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    #1

    brought out the phrase ...

    Hi

    A woman was talking to an owner of a liquor store. He told her that she should buy this sherry because he knows that Canon Thorby likes it. He wanted her to try it.

    The narrator wrote:
    He brought out the archaic phrase with no diminution
    of his dignity.

    ‘This,’ he said, taking up a decanter of a pale, almost
    straw-coloured liquid, ‘is Canon Thorby’s favourite. Are
    you sure that you would not like to make its acquaintance?’

    --- Does "bring out" here mean that he just "said" the archaic phrase with no diminution of his dignity?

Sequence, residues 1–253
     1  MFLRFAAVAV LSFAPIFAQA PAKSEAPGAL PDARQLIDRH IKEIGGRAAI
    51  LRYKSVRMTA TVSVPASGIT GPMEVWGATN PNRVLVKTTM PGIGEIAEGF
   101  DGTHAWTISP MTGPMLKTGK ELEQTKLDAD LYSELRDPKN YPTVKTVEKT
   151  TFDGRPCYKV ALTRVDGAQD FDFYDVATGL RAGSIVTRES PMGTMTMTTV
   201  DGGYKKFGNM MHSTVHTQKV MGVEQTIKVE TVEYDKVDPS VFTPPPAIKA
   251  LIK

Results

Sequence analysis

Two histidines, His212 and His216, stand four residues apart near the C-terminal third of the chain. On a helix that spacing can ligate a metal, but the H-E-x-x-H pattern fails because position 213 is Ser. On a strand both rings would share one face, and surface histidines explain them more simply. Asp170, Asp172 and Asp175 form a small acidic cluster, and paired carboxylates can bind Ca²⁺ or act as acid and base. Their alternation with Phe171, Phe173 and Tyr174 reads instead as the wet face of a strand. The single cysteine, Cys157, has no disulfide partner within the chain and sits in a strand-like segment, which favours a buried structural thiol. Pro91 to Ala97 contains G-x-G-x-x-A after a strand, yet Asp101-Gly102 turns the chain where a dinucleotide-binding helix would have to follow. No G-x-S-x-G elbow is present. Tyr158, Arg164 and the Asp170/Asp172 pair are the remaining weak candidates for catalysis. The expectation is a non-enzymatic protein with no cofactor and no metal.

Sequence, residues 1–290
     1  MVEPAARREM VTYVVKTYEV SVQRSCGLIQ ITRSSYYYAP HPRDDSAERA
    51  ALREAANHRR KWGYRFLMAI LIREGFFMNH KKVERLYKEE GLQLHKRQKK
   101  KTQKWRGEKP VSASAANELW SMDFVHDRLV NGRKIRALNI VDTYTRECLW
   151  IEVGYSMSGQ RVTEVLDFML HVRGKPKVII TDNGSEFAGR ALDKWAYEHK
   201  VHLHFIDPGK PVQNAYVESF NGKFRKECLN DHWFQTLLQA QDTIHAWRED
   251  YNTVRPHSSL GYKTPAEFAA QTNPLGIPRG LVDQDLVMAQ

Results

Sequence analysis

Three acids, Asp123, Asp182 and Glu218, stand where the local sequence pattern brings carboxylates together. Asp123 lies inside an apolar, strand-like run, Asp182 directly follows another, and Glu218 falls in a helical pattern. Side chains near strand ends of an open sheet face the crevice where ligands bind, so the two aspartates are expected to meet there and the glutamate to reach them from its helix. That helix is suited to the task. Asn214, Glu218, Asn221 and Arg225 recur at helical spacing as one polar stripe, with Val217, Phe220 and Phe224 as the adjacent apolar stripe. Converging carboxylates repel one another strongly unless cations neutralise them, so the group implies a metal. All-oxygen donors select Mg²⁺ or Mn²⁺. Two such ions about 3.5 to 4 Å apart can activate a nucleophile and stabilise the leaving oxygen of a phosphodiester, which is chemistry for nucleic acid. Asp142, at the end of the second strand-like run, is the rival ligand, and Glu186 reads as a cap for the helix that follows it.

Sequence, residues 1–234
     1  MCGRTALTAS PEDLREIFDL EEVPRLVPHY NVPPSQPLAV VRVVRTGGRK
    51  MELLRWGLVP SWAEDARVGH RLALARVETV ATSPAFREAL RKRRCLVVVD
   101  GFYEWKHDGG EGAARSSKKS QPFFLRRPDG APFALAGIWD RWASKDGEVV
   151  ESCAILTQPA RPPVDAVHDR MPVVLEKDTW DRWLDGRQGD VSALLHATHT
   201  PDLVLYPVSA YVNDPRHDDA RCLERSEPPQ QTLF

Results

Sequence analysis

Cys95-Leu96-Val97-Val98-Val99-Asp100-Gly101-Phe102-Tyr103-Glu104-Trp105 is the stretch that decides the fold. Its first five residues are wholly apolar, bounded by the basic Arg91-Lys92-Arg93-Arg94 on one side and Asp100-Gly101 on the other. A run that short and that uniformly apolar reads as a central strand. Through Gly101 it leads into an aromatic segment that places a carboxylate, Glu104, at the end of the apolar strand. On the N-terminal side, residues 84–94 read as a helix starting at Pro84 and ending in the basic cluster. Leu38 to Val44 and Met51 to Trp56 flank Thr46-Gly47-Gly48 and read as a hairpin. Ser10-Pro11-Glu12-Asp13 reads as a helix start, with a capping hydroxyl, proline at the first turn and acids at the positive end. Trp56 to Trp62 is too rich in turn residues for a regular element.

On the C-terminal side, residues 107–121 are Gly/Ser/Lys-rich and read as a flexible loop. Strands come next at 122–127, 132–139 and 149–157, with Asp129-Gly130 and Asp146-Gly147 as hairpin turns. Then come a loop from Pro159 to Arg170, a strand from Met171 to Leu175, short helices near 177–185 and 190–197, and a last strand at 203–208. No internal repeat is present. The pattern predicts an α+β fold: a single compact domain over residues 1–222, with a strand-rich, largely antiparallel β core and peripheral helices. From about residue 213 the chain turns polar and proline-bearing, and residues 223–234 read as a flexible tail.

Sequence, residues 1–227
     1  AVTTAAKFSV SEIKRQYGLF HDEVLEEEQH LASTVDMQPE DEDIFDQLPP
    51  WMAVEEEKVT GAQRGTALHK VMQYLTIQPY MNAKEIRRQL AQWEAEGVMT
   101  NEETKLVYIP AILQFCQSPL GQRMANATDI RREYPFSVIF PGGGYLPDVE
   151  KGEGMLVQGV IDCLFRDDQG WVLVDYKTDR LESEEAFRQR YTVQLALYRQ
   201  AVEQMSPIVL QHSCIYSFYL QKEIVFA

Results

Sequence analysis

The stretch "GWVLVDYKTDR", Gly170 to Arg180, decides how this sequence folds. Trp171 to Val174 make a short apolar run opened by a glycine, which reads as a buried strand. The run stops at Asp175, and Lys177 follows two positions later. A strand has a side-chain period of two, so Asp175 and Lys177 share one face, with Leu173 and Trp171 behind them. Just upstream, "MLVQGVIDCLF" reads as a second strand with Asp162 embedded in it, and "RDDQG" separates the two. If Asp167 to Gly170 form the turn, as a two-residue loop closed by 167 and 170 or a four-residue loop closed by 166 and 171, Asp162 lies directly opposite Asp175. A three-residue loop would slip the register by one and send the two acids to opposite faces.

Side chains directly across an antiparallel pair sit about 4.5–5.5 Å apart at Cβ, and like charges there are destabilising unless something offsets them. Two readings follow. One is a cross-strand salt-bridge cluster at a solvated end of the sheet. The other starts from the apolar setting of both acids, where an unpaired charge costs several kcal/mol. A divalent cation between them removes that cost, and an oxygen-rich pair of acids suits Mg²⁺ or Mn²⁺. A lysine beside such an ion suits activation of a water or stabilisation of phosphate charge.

I understand that this archaic phrase is: "to make its acquaintance"?

    • Member Info
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    #2

    Re: brought out the phrase ...

    OK, I understand that. You're probably referring to "make its acquaintance".
    And probably this is that "archaic phrase" of which the narrator is talking about.

    However the part:He brought out the archaic phrase with no diminution
    of his dignity, means that He "said" that archaic phrase and that it in no way harmed his dignity, is that right?

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